Most people do not think that way. None of us keeps the Great Commandment for five minutes. We may think that we do in a surface way, but upon a moment’s reflection it is clear that none of us loves God with our whole heart or our whole mind or our whole strength. No one loves his neighbor as he loves himself. Our comfort is that nobody is perfect. We all fall short of perfect love for God, so why worry about it? It doesn’t drive sane fellows to the confessional for six hours a day. If God punished everyone who failed to keep the Great Commandment, He would have to punish everyone in the world. The test is too great, too demanding; it is not fair. God will have to judge us all on a curve.
Luther didn’t see it that way. He realized that if God graded on a curve, He would have to compromise His own holiness. To count on God doing so is supreme arrogance and supreme foolishness as well. God does not lower His own standards to accommodate us. He remains altogether holy, altogether righteous, and altogether just. But we are unjust and therein lies our dilemma. Luther’s legal mind was haunted by the question: How can an unjust man survive in the presence of a holy God? Where everyone else was at ease in the matter, Luther was in agony. He wrote about others who so easily dismissed their sin: “Don’t you know that God dwells in light inaccessible?...What wonder then that His majesty overpowers us and shatters!”
Luther’s legal mind was haunted by the question: How can an unjust man survive in the presence of a holy God?
Luther’s attitude was in contrast to the rich young ruler who in Luke 18:18 asked Jesus, “Good teacher, what must I do to inherit eternal life?” He called Jesus, “Good Teacher.” Jesus did not miss the significance of it. Jesus knew at once that He was talking to a man who had a superficial understanding of the meaning of the word good. The man wanted to talk about salvation. Instead Jesus subtly turned the conversation around to a discussion about what goodness was.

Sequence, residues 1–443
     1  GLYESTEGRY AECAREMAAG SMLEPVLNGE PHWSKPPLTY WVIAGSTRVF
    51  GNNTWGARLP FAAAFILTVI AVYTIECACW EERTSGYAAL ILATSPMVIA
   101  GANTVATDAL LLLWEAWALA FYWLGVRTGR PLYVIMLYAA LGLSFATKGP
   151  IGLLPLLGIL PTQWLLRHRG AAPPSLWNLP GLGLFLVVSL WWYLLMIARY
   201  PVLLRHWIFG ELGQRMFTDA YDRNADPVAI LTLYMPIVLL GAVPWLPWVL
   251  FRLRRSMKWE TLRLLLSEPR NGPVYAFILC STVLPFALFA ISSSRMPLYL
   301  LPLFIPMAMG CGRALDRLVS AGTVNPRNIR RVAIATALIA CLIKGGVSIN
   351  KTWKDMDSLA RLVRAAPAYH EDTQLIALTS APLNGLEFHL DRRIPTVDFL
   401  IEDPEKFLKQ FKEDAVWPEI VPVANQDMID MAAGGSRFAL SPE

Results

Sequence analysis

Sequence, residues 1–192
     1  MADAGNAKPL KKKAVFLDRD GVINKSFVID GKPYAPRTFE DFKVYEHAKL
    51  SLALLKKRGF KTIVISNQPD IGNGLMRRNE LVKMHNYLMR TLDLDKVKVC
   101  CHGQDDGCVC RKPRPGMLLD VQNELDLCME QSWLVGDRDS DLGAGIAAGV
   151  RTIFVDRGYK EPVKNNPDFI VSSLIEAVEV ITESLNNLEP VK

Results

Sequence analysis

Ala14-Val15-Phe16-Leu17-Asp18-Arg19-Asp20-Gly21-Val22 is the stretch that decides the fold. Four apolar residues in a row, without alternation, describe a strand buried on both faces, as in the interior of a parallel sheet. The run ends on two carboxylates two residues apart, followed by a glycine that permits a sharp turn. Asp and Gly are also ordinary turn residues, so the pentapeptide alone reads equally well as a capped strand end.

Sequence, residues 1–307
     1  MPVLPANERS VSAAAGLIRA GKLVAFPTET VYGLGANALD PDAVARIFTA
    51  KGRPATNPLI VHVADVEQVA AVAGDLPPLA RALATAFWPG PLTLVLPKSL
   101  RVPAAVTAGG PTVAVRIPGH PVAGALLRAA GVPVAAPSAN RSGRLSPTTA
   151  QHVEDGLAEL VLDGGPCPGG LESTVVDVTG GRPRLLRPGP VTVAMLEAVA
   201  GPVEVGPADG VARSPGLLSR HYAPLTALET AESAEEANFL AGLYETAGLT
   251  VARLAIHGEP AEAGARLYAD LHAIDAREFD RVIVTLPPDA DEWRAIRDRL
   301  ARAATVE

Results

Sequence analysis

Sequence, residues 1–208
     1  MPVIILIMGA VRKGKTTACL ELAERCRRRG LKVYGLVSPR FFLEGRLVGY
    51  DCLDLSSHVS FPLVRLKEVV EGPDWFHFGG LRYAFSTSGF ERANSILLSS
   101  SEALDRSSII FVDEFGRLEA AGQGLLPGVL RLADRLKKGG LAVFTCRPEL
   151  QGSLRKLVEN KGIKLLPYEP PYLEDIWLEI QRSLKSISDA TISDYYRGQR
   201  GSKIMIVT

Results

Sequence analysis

Jesus asked, “Why do you call me good?” Jesus was not denying His own deity or His goodness here, but He wanted the man to know that He was good. The rich young ruler thought that Jesus was a great teacher, but he had no idea that he was speaking to God incarnate.
Psalm 14:13 says that, “There is no one who does good, not even one.” The only exception is Jesus, the Son of God. We think that the Bible is wrong on this matter. Surely this is an exaggeration. There are many people who do good. No one is perfect, but we do good most of the time don’t we?
The answer is “No.” This is precisely what the rich young ruler was thinking. He was measuring goodness by the wrong standard. He was evaluating good deeds from an outward vantage point. Outwardly, we do good often and conform to what God commands. But God looks at the heart and the motivation for our deeds.
For a deed to pass the standard of God’s goodness, it must flow out of a heart that loves God perfectly and loves our neighbor perfectly as well. Since none of us obey the Great Commandment, all of our outwardly good deeds are tarnished. Without a perfect heart, one cannot perform a perfect deed.
The Law of God is the mirror of true righteousness. When we set our works before this mirror, the reflection in it tells of our imperfections. Jesus held up the mirror in the form of the “second” table of the law—the commandments that dealt with our relationship to other human beings (stealing, adultery, murder, etc.).
How did the rich young ruler respond? He was not bothered. He looked calmly in the mirror of God’s Law and saw no imperfections. He said, “All these I have kept since I was a boy.”
“When Jesus heard this, He said to him, ‘You still lack one thing. Sell everything you have and give it to the poor, and you will have treasure in heaven. Then come, follow me.’”